Gov. Sarah Palin on Wednesday called an e-mail pitch in her name for Planned Parenthood that ran wild on the Internet during the presidential campaign "great theater." But she said it wouldn't change her view that "every life is precious."
Planned Parenthood wasn't behind the effort, but the e-mails asking for donations spread rapidly in September and October and ended up generating more than $1 million for the organization nationwide, said Clover Simon, Alaska vice president of Planned Parenthood of the Great Northwest.
During a press conference Wednesday, the governor was asked about the push for donations "in honor of Sarah Palin" last fall. Palin, who strongly opposes abortion, was running for vice president on the Republican ticket. The matter had remained dormant since the heat of the campaign, but a television reporter brought it up again.
"I have boxes of thank-you notes from people associated with Planned Parenthood thanking me for the donations. Same with some anti-hunting groups, they're doing the same thing right now. It's political theater -- it's great theater I guess for some," Palin said.
"But on the issue of Planned Parenthood and abortion, at least Planned Parenthood, officials there and, I, we agree on a mission here that we'd like to see fewer and fewer abortions. And I, embracing the culture of life, have perhaps a different approach in how I would like to see that goal reached," Palin said.
The fast-spreading e-mail directed people to Planned Parenthood's Web site to donate in Palin's name, Simon said. The money went to the Planned Parenthood branch located in the same ZIP code as the giver. The Alaska branch took in about $5,000, Simon said. People who donated could then have the organization send Palin a card announcing it.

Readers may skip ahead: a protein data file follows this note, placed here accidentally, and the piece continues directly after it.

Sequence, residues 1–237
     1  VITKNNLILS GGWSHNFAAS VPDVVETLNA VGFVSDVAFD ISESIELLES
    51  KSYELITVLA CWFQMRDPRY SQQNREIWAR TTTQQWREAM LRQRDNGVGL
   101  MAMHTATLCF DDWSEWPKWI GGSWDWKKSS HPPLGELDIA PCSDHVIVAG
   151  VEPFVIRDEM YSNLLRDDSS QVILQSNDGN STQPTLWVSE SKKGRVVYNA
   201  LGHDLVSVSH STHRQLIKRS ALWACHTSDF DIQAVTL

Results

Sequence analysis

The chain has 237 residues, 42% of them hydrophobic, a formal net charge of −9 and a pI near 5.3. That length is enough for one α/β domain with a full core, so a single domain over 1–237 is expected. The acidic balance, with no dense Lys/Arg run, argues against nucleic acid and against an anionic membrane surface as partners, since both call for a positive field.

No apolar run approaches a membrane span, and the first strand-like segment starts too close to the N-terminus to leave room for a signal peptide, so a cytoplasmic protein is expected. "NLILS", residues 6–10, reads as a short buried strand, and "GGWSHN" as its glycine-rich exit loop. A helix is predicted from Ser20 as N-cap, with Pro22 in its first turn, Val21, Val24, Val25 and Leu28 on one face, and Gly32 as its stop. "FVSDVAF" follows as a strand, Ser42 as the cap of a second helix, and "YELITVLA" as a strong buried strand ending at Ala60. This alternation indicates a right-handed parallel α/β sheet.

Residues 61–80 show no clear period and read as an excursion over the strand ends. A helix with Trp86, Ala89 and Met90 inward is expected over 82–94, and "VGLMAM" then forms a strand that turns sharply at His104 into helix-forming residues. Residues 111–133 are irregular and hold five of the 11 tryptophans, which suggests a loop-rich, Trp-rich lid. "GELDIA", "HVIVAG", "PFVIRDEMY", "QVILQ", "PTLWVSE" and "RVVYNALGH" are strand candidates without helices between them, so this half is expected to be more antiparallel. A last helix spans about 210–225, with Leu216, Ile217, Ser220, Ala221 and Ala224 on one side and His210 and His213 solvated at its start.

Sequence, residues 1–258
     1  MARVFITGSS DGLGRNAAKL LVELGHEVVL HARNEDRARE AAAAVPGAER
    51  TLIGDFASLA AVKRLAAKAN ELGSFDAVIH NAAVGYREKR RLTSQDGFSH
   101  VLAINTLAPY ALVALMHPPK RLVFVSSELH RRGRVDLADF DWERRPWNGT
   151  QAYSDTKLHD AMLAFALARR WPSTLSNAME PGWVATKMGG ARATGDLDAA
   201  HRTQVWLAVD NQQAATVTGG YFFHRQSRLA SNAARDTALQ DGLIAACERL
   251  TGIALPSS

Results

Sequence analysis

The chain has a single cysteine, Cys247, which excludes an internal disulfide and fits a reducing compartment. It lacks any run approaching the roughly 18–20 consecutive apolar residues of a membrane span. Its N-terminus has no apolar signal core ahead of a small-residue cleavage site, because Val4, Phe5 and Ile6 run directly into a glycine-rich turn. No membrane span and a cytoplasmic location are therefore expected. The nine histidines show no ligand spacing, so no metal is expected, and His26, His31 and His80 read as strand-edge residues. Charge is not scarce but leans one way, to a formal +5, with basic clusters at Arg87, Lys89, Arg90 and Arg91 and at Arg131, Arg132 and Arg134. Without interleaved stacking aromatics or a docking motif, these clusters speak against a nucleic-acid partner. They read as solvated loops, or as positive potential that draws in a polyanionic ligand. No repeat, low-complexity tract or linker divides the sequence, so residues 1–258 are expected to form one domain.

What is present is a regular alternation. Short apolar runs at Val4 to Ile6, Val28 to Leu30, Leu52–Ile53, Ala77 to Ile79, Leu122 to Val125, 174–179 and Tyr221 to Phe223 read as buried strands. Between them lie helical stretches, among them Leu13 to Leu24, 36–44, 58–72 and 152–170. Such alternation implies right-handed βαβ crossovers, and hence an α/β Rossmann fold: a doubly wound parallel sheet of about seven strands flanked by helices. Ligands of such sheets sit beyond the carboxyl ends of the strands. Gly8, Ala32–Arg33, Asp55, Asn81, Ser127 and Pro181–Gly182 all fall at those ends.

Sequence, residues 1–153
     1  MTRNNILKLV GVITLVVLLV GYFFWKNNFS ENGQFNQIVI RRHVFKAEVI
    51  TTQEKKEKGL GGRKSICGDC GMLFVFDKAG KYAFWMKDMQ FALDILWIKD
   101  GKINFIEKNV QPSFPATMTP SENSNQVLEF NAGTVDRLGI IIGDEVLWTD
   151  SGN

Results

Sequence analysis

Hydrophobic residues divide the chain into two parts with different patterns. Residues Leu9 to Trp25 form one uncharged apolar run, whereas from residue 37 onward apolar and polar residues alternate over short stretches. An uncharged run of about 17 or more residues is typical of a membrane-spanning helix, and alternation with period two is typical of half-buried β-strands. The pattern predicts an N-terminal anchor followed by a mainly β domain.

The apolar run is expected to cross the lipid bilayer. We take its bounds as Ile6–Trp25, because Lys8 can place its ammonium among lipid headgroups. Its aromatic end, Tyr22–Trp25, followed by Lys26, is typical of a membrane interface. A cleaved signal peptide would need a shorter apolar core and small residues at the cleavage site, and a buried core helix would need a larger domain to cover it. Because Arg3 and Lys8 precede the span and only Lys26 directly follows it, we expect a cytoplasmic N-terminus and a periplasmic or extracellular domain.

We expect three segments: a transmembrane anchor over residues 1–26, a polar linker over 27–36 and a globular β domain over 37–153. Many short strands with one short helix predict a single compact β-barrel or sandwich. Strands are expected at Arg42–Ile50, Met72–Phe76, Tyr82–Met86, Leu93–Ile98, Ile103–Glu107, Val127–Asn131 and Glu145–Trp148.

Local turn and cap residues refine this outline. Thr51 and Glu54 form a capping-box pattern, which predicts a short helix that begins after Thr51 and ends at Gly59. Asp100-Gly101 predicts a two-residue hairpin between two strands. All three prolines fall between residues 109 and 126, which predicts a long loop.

"The bottom line is the money is going to help woman access birth control, which is what we do. And I think the governor would agree with that. The money is certainly not going to support abortion services," Simon said.
During the campaign, Palin told CBS anchor Katie Couric that she was "all for contraception" and that she was "all for preventative measures that are legal and safe." But she said she opposed the morning-after pill because it could take effect after conception.
Planned Parenthood offers sex education and birth control, and also provides abortions.
In a written statement later on Wednesday, Palin further discussed the donations, against the backdrop of her position on abortion.
"The abortion issue has been with us for decades and has pitted well-meaning people of differing ideologies against each other. Where we can find common ground is in the belief that no one wants a single abortion," Palin said in the statement.
"But when there is a clash of values, I always will come down on the side of life. Making donations to Planned Parenthood in my name might be interesting theater in these politically charged times, but it is not going to change my views or the views of many other Alaskans who believe every life is precious."
Simon said Planned Parenthood in Alaska never wanted to take on Palin.
"Our goal is to hopefully work with the governor," Simon said. "We certainly don't want to have any sort of adversarial relationship with her."
Reporter Sean Cockerham contributed to this story. Find Lisa Demer online at adn.com/contact/ldemer or call 257-4390.